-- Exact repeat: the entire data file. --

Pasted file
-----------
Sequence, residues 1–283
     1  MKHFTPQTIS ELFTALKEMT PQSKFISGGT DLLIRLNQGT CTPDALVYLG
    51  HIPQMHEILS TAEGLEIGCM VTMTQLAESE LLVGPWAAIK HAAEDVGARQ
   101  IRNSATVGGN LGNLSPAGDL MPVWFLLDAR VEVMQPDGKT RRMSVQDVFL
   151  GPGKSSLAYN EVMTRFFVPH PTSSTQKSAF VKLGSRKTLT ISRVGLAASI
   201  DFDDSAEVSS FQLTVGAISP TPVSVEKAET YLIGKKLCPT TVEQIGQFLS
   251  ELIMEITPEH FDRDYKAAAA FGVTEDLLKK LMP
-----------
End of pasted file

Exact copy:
Sequence, residues 1–283
     1  MKHFTPQTIS ELFTALKEMT PQSKFISGGT DLLIRLNQGT CTPDALVYLG
    51  HIPQMHEILS TAEGLEIGCM VTMTQLAESE LLVGPWAAIK HAAEDVGARQ
   101  IRNSATVGGN LGNLSPAGDL MPVWFLLDAR VEVMQPDGKT RRMSVQDVFL
   151  GPGKSSLAYN EVMTRFFVPH PTSSTQKSAF VKLGSRKTLT ISRVGLAASI
   201  DFDDSAEVSS FQLTVGAISP TPVSVEKAET YLIGKKLCPT TVEQIGQFLS
   251  ELIMEITPEH FDRDYKAAAA FGVTEDLLKK LMP